In June 2018, my family and I took a package tour for Zhangjiajie, and the last day was a day in the markets of Shanghai. Having already been to those, I reasoned with my family, and then with the tour agents, to let us deviate from the group to go to Suzhou. It was the perfect destination, just an hour away by bullet train, but due to some complications with luggage and taxis and station entrances (long story), we ended up arriving in Suzhou at almost noon. From the Shantang subway station, it's about 10-15 minutes' walk to Liuyuan, the Lingering Garden, via Shantang Street by the Grand Canal. While it was raining when we arrived, luckily it slowed and stopped when we entered the garden. After buying the ticket and entering, it's basically just hallways until you reach the view of the main pond. Now, this should've been a great revelation, as I knew that Liuyuan is one of the 4 Great Gardens of China, and this was basically the centerpiece of it. And yes, it was a great view, seen from the inside by many differently-designed windows. Maybe it was the crowd once again, or maybe it was the lighting, uncomfortably between rainy and sunny, but it didn't give me quite the impact I wanted from it. It really is beautiful, the tall towering trees form the backdrop with the pond in the center, crossed by the delicate wooden bridge, a little pagoda-like pavilion tucked in the trees on the hill behind. Maybe the sky was too grey? The pond too brown? The plants overgrown? The whole scene smaller than it was in my imagination? I didn't quite know.
I had read beforehand that Liuyuan was the 2nd biggest garden in Suzhou, so seeing the scale of things at that moment made me doubt how impressive their sizes really were. I was quite sure I could pretty much finish the highlights and most of the area of the garden in the allotted 1 1/2 hours my family had settled on. To an extent, I was right: we did see most of the garden in that time, but I was wrong to think that this little patch of land would seem that way. Once we strayed to the farther reaches of the garden, away from the buildings and central pond, the garden seemed boundless. Many say that the Net Master's Garden is impressive for its use of space, but considering that Liuyuan is the most architecture-oriented and dominated of the Suzhou gardens, it's just as amazing how vast the so-called empty spaces may seem. My family didn't seem to appreciate those forest-like zones with a lack of buildings, but to me, that's where the significance of the garden lies. The fauna borders on overgrown, and while that may not end up as beautiful as a polished garden, it seems more natural. Of course, when in Liuyuan, one must return to the buildings, and that's not a problem either, as the architecture is indeed, quite a show here. Although it doesn't feel as natural of a layout as, say a city, would feel, there's a harmony to the buildings - a harmony within themselves and with the garden around them. Another highlight is at the back of the garden, where halls contain another small pond with a towering rockery in the middle. Finally, as we trace the back wall, we find what appears to be a collection of bonsai and mini-rockeries, all on tables. We then take a path through the forest again, with its artificial rugged topography in full display, and then exist, satisfied with seeing the great Lingering Garden.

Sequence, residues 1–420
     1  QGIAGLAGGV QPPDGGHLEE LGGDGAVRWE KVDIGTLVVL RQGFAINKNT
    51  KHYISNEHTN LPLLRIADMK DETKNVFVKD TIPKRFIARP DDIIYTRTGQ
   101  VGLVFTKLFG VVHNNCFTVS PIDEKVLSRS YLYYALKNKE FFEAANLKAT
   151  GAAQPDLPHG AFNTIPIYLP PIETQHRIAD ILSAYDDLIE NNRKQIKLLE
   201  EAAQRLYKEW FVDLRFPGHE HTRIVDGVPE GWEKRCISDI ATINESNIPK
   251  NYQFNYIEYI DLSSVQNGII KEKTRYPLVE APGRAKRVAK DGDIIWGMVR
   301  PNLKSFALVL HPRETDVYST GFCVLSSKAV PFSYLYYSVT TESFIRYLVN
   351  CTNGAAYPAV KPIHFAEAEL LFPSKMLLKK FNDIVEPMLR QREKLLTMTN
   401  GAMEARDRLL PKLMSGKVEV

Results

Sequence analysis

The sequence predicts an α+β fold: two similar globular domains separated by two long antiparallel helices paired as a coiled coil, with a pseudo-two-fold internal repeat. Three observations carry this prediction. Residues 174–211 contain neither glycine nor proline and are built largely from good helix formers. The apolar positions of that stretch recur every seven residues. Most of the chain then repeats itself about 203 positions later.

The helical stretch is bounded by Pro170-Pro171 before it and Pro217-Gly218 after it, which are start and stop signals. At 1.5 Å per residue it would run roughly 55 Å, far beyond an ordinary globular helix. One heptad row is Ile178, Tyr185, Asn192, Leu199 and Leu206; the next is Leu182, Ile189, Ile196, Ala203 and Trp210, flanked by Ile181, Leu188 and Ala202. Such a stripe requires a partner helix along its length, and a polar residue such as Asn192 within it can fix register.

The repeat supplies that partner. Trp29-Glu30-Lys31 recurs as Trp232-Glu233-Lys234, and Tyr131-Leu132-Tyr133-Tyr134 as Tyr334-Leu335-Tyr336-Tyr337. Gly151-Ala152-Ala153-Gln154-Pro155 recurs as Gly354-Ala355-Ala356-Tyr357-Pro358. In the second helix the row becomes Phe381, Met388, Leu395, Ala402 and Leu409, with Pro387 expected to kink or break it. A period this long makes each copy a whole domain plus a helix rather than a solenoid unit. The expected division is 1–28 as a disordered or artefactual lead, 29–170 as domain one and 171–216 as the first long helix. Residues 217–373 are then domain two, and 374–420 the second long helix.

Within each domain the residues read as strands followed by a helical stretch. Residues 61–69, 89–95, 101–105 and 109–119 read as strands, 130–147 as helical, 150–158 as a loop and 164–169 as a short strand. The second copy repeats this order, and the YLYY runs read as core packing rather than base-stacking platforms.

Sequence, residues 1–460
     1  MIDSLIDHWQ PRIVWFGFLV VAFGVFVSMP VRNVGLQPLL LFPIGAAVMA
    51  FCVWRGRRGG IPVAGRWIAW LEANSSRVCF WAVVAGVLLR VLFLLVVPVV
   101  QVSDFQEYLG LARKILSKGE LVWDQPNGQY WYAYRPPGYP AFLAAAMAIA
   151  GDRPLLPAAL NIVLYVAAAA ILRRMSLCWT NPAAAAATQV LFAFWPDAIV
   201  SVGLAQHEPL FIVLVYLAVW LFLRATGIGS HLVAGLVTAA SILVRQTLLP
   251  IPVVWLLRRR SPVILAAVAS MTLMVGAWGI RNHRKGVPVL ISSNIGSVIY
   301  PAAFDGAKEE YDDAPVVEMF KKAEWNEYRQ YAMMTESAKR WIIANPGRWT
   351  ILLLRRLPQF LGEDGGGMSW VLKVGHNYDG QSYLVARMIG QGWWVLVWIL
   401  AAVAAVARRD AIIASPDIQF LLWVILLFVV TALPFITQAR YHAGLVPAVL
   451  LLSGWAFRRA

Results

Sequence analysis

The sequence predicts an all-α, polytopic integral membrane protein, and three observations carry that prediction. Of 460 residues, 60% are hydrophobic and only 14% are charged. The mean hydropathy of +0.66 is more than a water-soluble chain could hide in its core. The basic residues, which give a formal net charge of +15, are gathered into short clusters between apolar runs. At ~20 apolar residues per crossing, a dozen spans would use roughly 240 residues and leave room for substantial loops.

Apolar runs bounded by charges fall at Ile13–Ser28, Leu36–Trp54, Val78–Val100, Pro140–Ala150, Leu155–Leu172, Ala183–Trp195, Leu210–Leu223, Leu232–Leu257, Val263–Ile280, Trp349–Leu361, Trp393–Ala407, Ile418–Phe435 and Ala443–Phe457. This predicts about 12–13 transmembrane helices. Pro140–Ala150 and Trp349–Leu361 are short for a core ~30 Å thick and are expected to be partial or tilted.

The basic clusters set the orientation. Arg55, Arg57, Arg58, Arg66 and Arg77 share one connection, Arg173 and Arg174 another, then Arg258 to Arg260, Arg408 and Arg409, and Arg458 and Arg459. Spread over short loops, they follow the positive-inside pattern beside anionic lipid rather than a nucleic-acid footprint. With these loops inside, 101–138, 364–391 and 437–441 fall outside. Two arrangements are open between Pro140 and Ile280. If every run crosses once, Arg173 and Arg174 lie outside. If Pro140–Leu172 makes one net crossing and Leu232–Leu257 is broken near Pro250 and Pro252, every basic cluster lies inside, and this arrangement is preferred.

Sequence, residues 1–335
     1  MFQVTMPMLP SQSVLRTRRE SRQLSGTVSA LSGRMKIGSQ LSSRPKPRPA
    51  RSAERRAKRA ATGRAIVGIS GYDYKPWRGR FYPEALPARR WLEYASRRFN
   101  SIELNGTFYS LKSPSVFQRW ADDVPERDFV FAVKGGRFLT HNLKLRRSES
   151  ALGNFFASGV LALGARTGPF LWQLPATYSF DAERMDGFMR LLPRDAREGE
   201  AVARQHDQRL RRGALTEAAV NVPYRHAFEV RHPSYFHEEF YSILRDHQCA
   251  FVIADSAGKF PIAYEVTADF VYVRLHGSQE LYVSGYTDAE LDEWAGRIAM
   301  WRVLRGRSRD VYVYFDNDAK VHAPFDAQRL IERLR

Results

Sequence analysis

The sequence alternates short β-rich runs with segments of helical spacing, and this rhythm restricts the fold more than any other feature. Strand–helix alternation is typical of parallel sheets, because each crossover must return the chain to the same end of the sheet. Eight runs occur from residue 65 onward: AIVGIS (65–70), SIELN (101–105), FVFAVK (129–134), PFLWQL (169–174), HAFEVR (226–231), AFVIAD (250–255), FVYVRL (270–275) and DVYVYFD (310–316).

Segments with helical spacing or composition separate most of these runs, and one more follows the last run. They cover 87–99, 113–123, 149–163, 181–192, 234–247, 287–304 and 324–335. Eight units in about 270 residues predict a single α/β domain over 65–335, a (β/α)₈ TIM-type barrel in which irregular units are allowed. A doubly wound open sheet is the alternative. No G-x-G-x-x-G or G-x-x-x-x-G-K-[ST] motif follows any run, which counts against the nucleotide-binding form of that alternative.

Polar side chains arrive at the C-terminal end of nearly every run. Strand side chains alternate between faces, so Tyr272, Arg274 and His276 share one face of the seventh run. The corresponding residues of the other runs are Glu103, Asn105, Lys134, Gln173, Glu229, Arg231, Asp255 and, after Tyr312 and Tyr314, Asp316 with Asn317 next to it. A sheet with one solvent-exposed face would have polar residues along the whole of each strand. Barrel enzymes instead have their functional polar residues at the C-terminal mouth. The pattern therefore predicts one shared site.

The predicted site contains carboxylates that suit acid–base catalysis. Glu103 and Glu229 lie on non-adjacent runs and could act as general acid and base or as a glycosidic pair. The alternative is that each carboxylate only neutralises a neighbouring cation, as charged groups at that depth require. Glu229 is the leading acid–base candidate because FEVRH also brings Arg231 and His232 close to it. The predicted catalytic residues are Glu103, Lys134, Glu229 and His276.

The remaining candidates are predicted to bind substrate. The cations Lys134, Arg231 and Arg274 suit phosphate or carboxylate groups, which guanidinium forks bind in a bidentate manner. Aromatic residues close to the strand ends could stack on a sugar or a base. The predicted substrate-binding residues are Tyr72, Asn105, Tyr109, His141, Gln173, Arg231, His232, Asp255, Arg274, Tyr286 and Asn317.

Innovations that work this close to nature can be a bit hard to judge. The thing about Chinese gardens is that they really, in their purest form here in Suzhou, try to imitate nature, and they do a good job at it. It's a bit like a predecessor to Central Park, but more beautiful. But as we saw, beauty can be very subjective, and I can't say I found any jaw-dropping views in the garden, nor would I expect to find one in any of the other gardens of Suzhou. How far can we stretch the artistic claims of a site like this when the scene simply looks like a forest? The Chinese style of gardens is indeed an influence on the world, and because the finest examples of such are clustered in Suzhou, this ensemble of WHS gardens exists today. However, we can't base the greatness of this site on the style's influence over gardens and cultures. We base the greatness of a site on the merits of the site itself from our own observations. I thoroughly enjoyed my time exploring Liuyuan, and I'd love to be able to explore the other gardens one day, so I take that this ensemble of gardens is an important cultural innovation that has materialized in a unique, exceptional, though not necessarily impressive or grand, site, still definitely worth a visit. Its innovation lies on its development of cultural identity and its effect on the perception of space, both of which reflect in the numerous gardens of Suzhou today.